Something Better Than Cosmetics
AFTER referring to “outward aids” that women used as beauty enhancers, the apostle Peter advised: “Instead, your beauty should consist of your true inner self, the ageless beauty of a gentle and quiet spirit, which is of the greatest value in God’s sight.”—1 Peter 3:3, 4, Today’s English Version.
Interestingly, when the apostle wrote of such external adornment, he used a form of the Greek word koʹsmos, which is also the root of the English word “cosmetic,” meaning “making for beauty esp[ecially] of the complexion.” Was Peter imposing on Christian women a prohibition relative to the use of makeup and other similar beauty aids? There is nothing in God’s Word that suggests that. Rather, it allows for personal decision on this matter, so a degree of variation in taste can be expected.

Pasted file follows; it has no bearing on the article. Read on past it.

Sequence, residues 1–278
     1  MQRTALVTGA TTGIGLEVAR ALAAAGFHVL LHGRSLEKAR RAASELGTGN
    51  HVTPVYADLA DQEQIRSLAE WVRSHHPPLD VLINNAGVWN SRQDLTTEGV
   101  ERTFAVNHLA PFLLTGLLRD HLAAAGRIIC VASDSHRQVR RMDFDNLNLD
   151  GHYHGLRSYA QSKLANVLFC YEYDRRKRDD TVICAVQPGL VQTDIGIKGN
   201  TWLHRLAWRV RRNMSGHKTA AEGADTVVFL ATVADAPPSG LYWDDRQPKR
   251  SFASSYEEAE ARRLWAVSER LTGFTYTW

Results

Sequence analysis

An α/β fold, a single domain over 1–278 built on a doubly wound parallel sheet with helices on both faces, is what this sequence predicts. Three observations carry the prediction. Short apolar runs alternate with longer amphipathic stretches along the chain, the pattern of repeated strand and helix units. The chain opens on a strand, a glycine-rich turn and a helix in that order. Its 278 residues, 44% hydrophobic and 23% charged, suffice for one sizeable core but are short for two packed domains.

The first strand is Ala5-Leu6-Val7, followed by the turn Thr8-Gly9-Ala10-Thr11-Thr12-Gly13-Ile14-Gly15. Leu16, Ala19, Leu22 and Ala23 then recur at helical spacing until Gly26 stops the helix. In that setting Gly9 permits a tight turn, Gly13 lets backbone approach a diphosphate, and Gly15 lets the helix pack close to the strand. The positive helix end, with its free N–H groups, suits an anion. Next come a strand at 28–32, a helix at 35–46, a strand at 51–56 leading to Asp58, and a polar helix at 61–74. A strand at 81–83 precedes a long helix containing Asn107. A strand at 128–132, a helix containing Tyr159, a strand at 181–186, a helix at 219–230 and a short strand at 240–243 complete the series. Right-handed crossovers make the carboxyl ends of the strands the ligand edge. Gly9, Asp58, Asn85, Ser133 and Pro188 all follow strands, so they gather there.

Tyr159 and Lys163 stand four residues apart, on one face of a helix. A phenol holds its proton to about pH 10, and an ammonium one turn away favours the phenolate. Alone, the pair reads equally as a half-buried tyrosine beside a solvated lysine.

However, if the application of makeup is overdone, or done to a degree that disturbs many others, what message is conveyed? Is it not one of harshness, brashness, gaudiness, ostentation, or narcissism? Indeed, it can cheapen a woman’s appearance, possibly giving the wrong impression as to moral character.—Compare Ezekiel 23:36-42.
In recognition of this, a woman “professing to reverence God” will endeavor, if she chooses to apply cosmetics, to have her face reveal the signatures of soundness of mind, gentleness, kindness, and modesty. Such qualities will enhance her grace and charm. In fact, whether she chooses to wear makeup or not, she will manifest a dignity and inner beauty. This will reflect her knowledge that, as Peter’s words quoted above imply, there is something better than cosmetics.—1 Timothy 2:9, 10.